This is a wonderful and photogenic piece by Karl Read, a stencil artist from the south coast who produced another lovely piece at Upfest 2016. A boy dressed as superman wearing converses and flying on a swing is a winning idea, and this piece has movement, tenderness and nostalgia combined in equal measure.
I don’t know how he put up with the tiny space he had to work in and the crowds stepping over his kit to get photographs of his work and the adjacent work of Lemak.
This was another really striking piece from the festival and has been shared a lot on Instagram over the last week or two. I really rather like it and feel that perhaps it deserved a permanent wall rather than a board, but then I could say that about pretty much everything at the festival. Note for next year…more permanent walls please.
Many will instantly recognise the wonderful abstract work of Decay instantly. A Bristol-based graffiti artist who has appeared in numerous posts on this blog, with his characteristic concentric shapes of black, white, grey and red. He was very smart this year – he is a quick worker, and he sprayed his piece early on the Saturday morning before the rain came, and was then free to enjoy the festival with the rest of us punters.
I met up with him in one of the venues, I think it was the Rising Sun, by chance which was lucky, because I had told him via Instagram that I wanted to buy one of his lovely new T-shirts and would do so if I met him. The shirt is great, and a nice souvenir of the day. I also had another little souvenir in the shape of one of the spray cans Decay used to spray this piece (the one on the left of the feature image).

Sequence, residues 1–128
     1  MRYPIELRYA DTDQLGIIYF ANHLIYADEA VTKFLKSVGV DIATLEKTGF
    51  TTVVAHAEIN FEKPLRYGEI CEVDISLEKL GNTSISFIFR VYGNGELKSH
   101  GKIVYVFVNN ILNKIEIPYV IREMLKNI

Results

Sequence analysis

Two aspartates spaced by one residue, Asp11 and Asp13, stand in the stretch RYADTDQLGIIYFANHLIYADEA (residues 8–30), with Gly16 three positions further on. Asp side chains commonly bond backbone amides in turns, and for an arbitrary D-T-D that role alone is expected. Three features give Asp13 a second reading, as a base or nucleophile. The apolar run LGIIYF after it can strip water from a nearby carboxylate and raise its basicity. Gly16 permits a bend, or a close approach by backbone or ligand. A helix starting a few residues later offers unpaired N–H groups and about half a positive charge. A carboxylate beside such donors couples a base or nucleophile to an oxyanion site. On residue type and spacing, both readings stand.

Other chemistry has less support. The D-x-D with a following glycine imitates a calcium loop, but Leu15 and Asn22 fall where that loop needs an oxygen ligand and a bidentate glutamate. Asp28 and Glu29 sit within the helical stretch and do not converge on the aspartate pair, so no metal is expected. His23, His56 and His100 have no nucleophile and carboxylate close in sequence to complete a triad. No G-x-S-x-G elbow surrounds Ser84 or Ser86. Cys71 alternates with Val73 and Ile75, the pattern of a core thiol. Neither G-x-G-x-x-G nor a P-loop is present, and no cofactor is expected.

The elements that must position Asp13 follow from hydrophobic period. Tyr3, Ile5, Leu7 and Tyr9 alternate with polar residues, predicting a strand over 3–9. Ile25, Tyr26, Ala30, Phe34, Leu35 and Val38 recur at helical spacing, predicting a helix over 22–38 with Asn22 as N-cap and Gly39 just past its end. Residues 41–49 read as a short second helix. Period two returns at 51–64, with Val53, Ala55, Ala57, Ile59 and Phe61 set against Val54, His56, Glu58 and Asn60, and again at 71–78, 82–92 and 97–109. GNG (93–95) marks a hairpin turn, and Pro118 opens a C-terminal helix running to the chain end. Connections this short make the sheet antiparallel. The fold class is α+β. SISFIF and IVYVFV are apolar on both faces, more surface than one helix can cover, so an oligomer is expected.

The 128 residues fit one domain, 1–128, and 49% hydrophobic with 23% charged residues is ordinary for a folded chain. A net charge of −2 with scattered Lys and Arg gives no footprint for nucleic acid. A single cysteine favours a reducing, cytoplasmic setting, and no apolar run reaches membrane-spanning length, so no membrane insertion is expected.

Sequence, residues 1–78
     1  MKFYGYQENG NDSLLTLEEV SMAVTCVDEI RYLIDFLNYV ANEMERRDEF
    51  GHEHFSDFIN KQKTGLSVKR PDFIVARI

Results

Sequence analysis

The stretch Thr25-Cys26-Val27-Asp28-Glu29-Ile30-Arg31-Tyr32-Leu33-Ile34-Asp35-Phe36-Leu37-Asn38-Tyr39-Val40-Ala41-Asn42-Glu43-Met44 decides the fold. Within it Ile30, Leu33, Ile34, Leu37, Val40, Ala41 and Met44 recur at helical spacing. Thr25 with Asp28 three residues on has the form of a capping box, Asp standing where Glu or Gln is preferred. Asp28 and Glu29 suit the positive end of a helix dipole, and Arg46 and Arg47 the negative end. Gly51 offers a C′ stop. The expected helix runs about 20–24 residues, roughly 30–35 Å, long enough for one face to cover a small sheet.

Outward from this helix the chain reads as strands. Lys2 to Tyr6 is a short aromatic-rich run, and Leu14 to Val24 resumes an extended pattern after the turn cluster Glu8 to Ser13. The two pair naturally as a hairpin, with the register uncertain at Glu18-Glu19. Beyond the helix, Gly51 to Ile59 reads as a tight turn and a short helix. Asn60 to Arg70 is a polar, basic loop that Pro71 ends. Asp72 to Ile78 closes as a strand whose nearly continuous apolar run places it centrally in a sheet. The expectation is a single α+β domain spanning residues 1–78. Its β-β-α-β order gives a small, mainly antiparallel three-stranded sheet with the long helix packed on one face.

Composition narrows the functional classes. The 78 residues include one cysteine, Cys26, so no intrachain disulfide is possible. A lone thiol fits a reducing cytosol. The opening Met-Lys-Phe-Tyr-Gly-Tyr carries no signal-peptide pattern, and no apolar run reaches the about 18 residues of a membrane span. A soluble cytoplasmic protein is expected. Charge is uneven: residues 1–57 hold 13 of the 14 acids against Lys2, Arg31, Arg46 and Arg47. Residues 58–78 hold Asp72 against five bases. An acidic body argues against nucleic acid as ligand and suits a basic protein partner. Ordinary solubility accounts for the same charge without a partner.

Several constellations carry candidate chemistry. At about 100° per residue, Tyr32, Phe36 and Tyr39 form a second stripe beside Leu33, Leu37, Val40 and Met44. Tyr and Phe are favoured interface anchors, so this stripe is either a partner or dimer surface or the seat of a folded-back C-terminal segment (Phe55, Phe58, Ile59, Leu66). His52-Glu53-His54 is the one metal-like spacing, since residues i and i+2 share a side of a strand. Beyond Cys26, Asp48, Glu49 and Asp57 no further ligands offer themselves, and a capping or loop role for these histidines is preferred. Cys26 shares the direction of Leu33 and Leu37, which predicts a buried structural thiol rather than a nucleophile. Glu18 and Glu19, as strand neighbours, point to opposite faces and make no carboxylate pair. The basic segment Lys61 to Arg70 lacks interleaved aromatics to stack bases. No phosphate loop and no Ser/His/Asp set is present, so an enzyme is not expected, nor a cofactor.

Mrs Scooj was not impressed and said that I was behaving like a groupie and should grow up a bit. I prefer to think of myself working alongside these artists, and whilst I admire them I don’t think I idolise them. Without archivists and rapporteurs, our world would be transient and ‘in the moment’ but there would be little in the way of context.
Regular viewers of this blog will be familiar with the talents of Georgie, a Bristol artist who uses many different techniques for her street art work. This time she has selected a collage and spray piece with a nice big smiley face. She has incorporated other pieces of her work in the surrounding collage, including the ‘Citizen of Nowhere’ stencil.
It was all pretty busy in North Street Green where she was working when I passed through, so I decided not to bother her, especially with the showery weather which made things tricky for artists and visitors alike. This was a wonderfully cheerful piece which really embodied the spirit of Upfest. Keep on Smiling.
Upfest this year hosted so many talented artists and they produced a plethora of really striking pieces. This one by graffiti artist Sonic Oner is a real eye-catcher, and a quick look at his Facebook page shows you what an extremely talented artist he is.
It was a real challenge to take good pictures at Upfest this year, because of the very changeable weather conditions, and these pictures just don’t do justice to the amazing contrasts between the black background, the bright green and wispy white.